How do you make Parkinson’s disease funny? That is the task that Sam Laybourne had before him when he signed on as executive producer and writer of the upcoming show The Michael J. Fox Show. He spoke with about his approach and working with Michael J. Fox.


OK!: How did the show come about?

Sam Laybourne: Michael J. Fox met with a friend of mine, Will Gluck, with the idea of getting back into television. They conceived of this idea of a family man who—ripped from the headlines of his Michael’s life— [has] kids with this wife he’s known for a long time, and they’re in madly love like him and Tracy [Pollan], and he’s a celebrity out there in the workplace who is lionized because he’s got Parkinson’s. Will brought me in a co-creator. We talked about vignettes from his life. Things in the pilot like the dishwasher-breaking scene were real moments that happened for Mike. We’re trying to capture the tone of his real life.

Photos: Get a first look at the pilot episode of The Michael J. Fox Show!

OK!: How did you figure out that tone?

SL: A lot of it came from his books. If you read Always Looking Up and Lucky Man, there’s this warmth and honesty. It’s grounded in reality but it’s also very funny. We didn’t want the show to be too wacky or cartoon-y. There are moments of heart, and moments of big comedy, but it’s all rooted in real people who have real connections to each other. How does this family cope with these big, relatable issues?


OK!: How do you make Parkinson’s funny?

SL: I think people are ready to laugh at adversity, as long as you know that the person leading that charge isn’t making fun of it, or isn’t trying to obfuscate the truth, like “Let’s just laugh this off.” It’s more like that painful laughter that comes from—God, this thing is frustrating, but if I can keep my sense of humor about it, it can’t beat me.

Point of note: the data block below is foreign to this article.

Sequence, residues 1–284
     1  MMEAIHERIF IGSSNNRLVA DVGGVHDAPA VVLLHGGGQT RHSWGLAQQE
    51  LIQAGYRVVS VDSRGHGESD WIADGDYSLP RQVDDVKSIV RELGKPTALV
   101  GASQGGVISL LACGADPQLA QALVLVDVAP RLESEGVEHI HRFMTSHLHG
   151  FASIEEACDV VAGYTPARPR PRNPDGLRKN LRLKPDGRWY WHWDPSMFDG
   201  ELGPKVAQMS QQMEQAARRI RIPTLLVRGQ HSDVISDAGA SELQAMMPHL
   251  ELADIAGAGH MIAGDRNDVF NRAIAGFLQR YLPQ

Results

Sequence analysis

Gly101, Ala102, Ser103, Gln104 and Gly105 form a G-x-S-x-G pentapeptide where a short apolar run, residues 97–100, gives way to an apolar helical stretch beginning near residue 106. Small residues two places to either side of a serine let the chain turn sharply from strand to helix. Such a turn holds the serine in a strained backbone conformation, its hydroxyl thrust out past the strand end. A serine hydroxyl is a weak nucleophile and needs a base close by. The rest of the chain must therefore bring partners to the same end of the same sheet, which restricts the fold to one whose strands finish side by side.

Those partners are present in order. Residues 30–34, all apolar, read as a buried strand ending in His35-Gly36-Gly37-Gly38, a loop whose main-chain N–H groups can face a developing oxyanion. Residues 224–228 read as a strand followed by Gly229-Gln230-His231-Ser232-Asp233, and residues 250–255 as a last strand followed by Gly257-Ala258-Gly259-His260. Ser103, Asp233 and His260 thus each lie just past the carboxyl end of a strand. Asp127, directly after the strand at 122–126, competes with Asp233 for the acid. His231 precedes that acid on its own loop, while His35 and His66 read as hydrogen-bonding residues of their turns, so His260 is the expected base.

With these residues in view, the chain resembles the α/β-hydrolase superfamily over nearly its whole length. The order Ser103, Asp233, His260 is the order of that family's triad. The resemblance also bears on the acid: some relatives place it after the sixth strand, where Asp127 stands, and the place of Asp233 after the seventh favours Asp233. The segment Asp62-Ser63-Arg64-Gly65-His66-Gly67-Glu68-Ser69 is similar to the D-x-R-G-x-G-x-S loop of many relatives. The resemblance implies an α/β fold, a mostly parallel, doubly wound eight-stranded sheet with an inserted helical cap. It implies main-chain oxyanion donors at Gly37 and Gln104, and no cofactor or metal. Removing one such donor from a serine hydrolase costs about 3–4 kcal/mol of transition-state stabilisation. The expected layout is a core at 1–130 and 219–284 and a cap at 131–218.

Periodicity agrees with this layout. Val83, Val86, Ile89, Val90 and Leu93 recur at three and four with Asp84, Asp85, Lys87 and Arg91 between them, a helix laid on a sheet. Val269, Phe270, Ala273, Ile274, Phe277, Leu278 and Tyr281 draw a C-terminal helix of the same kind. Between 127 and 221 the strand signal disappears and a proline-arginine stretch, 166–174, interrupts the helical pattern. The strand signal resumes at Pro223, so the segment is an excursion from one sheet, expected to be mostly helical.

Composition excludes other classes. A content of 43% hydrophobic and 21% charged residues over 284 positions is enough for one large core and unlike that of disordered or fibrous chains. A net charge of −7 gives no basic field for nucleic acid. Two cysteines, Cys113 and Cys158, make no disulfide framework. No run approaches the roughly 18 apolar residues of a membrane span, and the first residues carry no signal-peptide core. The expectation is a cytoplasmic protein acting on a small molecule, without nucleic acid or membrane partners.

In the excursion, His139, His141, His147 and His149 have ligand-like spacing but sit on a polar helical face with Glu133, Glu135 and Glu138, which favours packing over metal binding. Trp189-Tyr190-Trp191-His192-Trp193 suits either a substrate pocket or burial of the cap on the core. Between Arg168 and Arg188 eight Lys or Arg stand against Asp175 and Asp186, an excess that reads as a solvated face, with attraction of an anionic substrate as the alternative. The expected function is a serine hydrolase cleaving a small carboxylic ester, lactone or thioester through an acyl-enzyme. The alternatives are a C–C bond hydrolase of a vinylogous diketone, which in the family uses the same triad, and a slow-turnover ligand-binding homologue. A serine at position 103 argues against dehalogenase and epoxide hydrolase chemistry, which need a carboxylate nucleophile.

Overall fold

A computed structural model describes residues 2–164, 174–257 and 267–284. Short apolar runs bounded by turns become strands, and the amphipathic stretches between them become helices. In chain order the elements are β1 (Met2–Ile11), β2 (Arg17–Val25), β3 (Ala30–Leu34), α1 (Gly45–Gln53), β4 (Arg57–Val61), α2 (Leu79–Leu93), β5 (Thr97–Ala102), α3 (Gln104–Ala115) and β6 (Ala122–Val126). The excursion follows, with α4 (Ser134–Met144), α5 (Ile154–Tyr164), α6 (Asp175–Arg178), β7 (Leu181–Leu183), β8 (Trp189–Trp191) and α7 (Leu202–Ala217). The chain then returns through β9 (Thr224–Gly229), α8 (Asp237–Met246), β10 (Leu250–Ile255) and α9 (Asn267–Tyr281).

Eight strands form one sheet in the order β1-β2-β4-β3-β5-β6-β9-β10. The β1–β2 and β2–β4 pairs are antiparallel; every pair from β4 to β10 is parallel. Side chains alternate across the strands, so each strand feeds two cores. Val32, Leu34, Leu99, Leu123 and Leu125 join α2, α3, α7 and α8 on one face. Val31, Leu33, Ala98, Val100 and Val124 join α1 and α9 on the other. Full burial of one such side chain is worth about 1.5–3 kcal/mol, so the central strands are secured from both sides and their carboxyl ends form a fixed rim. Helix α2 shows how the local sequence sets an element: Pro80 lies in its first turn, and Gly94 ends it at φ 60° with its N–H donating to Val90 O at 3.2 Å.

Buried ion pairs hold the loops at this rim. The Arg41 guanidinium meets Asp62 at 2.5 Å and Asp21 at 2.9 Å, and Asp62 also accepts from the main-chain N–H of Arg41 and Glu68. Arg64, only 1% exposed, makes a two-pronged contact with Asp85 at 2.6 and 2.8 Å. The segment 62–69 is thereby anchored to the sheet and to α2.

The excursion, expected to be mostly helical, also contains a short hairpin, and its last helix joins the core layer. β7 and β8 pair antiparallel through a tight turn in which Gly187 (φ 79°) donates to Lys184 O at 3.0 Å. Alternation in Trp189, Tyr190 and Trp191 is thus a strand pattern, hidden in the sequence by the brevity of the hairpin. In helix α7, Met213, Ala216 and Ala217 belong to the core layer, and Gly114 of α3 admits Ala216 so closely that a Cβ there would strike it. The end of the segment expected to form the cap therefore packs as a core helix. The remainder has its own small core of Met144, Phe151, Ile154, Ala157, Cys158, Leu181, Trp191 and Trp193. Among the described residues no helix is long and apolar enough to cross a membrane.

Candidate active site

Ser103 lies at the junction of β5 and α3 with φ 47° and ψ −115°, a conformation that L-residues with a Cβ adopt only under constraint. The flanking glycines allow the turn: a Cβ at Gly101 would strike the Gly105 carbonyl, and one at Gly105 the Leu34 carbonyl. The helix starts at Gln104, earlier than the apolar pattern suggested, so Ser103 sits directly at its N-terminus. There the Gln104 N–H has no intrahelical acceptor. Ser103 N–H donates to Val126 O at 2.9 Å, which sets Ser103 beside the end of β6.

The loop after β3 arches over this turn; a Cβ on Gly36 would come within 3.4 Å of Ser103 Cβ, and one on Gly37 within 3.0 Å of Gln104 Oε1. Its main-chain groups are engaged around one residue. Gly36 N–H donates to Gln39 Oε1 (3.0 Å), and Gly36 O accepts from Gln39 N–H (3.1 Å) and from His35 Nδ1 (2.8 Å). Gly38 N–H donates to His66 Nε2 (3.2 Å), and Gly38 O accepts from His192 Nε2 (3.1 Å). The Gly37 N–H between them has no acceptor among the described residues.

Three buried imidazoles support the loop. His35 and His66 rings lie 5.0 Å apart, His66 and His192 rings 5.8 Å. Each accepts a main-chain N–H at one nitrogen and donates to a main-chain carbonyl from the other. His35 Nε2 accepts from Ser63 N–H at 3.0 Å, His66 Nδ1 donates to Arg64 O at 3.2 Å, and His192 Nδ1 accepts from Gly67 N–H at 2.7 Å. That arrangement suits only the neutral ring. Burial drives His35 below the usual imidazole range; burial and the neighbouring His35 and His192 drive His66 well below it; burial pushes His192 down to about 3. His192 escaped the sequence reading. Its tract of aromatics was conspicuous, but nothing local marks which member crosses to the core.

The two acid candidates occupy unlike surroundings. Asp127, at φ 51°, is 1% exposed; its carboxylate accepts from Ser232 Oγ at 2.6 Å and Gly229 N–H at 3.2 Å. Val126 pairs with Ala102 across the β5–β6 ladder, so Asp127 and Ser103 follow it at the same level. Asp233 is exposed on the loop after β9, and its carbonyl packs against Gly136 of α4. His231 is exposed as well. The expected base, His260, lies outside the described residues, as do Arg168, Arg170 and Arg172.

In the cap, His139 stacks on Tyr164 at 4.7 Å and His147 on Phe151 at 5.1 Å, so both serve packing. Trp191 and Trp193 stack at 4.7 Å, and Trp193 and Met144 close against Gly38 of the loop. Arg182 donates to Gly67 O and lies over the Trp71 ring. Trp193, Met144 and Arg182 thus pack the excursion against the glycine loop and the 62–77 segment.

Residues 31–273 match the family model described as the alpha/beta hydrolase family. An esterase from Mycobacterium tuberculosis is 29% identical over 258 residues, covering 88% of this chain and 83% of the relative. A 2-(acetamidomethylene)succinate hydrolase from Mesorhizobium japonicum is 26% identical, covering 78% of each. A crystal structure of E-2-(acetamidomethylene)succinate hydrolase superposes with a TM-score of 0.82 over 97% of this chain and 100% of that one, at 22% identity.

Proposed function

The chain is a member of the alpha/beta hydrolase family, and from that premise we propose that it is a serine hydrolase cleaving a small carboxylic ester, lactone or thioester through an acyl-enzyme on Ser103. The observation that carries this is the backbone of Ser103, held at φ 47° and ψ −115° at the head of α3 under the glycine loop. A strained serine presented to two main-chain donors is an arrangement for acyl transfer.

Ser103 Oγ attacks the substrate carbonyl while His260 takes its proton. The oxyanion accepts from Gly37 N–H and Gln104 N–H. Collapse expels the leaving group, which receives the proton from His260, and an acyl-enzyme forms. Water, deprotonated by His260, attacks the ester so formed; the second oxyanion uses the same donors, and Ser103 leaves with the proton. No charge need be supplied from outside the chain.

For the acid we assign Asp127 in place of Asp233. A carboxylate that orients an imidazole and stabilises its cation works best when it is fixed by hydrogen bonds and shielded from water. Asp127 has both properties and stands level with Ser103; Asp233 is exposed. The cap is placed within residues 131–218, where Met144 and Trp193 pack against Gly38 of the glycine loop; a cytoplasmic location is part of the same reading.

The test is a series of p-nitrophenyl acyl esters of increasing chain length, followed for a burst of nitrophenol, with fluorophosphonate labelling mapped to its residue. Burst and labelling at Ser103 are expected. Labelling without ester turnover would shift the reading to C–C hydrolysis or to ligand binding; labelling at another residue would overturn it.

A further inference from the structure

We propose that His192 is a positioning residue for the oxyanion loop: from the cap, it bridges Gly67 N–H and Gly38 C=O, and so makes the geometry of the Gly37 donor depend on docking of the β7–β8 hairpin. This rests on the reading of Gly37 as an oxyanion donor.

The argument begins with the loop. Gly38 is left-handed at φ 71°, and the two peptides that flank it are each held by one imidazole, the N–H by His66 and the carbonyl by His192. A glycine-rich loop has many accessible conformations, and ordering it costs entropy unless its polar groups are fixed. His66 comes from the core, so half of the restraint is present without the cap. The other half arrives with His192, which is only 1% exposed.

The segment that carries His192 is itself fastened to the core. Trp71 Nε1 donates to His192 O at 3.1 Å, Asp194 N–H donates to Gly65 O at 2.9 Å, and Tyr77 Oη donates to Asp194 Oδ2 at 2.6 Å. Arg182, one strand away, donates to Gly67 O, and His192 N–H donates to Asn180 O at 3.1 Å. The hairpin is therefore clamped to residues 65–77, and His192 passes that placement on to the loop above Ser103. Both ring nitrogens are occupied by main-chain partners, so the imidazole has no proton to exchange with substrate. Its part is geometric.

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OK!: What is the story you hope to tell with the first season?

SL: We’re borrowing from old-school sitcoms. We’re trying our best to have the show follow certain through-lines without feeling too serialized. With Mike, it’s going back to work and trying to figure out what he wants from work. He’s an ace at it, so you get to see that rush, but he also has a nemesis, played by Anne Heche, a protege from the past. Work is a great component, but we’ve embraced the fact that it’s a family show first. The whole ensemble gets to play a lot of material.

OK!: What’s your favorite line in the pilot?

SL: The final line. Annie’s line, “Enough of your personal victories…” That’s my cheap, shameless way to get people to tune in to the very end! It’s a nice moment that hopefully encapsulates what we’re trying to do—acknowledge, but not run away from, the reality of what’s happening to Michael J. Fox. And finding a sense of humor about it.

Do you think it’s possible to make illness funny? Have you followed Michael J. Fox’s story? Are you excited to check out The Michael J. Fox Show? Tell us in the comments below or tweet @OKMagazine.

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